We had a fixed itinerary – hence our visits were limited to DMZ (the border of North and South Korea), Pyongsong (school and clothing factory mentioned above), Kumsusan Palace of the Sun (where the great leaders are buried), the birth home of the Great Leader, Juche Tower, a ride on the Pyongyang Metro and Tram, local beer parlours, a huge bowling alley, War Cemetry, Victorious War Museum, Mansudae Hill, Arch of Triumph etc.
Would you recommend others to travel to North Korea? And, what is the estimated cost of travelling in North Korea?
Yes, I definitely would encourage people to travel to North Korea. Hey, what you are going to get in return, in terms of experience, is something you can never hope to get anywhere. A traveller shouldn’t limit the scope of experiences – that’s what makes them different from a mere tourist. A traveller should go beyond the normal experience – yes, definitely DPRK. There are very few tour companies authorised to take in people – and all of them are based in Beijing.
The cost of travelling to North Korea depends on the length of the tour, time of the year and the company you are travelling with, but you can easily fix a sum of Euro 1200 plus.
Are you planning a new trip or do you already have a new trip in mind?
Yes. I do have a trip in mind and working out the details – it’s a bit of an adventurous kind of trip.
Share with us more on Travel With Anjaly
It is easily a one-stop travel info website, based on my travel experiences around the world – be it a trip to a neighbouring country or climbing a mountain or trekking in Papua New Guinea, the local food of Uganda or Cambodia – I prefer to talk about my experiences and opinions on these travels. I also list events, contests, travel tips, travel resources and other things a traveller might find useful.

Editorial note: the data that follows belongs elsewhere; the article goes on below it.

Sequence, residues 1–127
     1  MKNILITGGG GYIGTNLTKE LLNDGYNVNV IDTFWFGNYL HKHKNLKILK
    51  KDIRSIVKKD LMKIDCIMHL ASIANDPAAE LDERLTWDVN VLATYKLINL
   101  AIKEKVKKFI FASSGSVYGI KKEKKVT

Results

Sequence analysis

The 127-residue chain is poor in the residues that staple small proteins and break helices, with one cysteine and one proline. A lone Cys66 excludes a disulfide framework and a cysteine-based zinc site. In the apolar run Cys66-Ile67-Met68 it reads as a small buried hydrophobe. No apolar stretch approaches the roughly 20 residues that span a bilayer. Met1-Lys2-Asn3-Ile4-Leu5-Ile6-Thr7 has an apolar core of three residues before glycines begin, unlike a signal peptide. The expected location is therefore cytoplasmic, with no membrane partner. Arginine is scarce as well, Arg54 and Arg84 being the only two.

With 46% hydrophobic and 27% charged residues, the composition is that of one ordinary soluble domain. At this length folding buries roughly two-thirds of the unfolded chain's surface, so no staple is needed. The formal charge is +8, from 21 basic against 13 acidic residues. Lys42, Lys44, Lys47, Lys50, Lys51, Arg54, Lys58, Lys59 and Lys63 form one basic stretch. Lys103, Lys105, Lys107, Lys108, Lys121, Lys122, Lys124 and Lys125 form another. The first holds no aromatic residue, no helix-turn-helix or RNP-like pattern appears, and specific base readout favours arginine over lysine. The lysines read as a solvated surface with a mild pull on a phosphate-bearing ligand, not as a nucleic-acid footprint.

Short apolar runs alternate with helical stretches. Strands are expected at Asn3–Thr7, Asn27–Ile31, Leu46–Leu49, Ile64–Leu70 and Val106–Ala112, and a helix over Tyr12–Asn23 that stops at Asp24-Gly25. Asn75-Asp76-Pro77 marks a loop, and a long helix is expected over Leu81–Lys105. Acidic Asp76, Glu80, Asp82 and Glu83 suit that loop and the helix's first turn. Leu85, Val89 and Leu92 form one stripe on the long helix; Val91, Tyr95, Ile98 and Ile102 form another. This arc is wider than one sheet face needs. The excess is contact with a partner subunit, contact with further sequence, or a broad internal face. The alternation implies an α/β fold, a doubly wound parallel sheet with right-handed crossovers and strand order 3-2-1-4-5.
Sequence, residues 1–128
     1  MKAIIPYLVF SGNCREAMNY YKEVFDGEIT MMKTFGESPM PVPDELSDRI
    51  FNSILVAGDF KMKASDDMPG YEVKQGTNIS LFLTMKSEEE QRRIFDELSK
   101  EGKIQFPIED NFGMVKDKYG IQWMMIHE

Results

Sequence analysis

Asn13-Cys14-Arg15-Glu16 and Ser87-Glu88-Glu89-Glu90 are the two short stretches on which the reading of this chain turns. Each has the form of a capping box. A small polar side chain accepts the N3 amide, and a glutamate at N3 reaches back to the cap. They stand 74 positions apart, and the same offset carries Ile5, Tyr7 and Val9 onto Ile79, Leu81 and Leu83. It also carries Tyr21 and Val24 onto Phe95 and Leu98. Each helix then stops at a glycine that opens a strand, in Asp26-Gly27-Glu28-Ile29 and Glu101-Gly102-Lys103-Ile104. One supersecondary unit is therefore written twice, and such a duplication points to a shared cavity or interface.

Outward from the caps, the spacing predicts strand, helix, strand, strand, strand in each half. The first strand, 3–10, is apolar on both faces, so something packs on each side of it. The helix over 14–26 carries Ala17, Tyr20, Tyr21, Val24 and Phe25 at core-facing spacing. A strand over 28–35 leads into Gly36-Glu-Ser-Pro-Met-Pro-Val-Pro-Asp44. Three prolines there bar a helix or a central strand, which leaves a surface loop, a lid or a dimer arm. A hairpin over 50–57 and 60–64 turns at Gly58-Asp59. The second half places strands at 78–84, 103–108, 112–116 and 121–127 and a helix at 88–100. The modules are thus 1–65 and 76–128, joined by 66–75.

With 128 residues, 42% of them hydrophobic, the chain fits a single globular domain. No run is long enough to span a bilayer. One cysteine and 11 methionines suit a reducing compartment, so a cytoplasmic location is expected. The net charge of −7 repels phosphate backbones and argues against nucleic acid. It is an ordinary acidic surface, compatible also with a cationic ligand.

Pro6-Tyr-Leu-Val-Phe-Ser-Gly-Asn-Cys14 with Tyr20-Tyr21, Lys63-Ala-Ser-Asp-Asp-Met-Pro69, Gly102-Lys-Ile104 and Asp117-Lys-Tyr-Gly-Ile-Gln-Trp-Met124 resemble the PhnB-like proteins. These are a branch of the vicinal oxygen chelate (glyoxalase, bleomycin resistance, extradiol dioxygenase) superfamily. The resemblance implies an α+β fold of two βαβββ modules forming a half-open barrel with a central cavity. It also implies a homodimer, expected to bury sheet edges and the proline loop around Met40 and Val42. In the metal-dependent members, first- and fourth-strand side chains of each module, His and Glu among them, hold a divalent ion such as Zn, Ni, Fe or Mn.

When did you begin your website, and Why?
It’s been over 8 years now that I have Travel With Anjaly – the idea behind this website was to record my travels, publish photos and generally be the “one stop” for all travel related info as I knew it and experienced. I also intended to encourage single women (especially from Asia) to travel alone and hoped to inspire them with my experiences. Later I added a lot of other things as well – as I travelled more and experienced different things. I think it makes sense to have all the information in one place – rather than scattered here and there – so it’s easy for people to find.
Do you have any advice or tips for aspiring travellers?
Yes! Don’t think or plan too much – things usually never go according to plan. Be prepared to handle any situation – if you get lost, you will usually end up seeing something you had not come to see- but for sure you will see something you had never imagined!
If the urge to travel hits you – travel. It’s the only cure. Two things can happen – you will become a traveller forever or come back knowing you tried.
But only you can take that first step – just travel.
Anjaly Thomas is launching her new book, THERE ARE NO GODS IN NORTH KOREA, on 6th May 2016, where she travels to North Korea and shared on what she has seen and how she saw it. There are many other destinations covered in the book as well. Follow her travels at TravelWithAnjaly, Twitter, Facebook and Instagram.
Next week on Wednesday Interview, Angela from SheWentWear, a travel and fashion blogger, would be sharing her travel experience.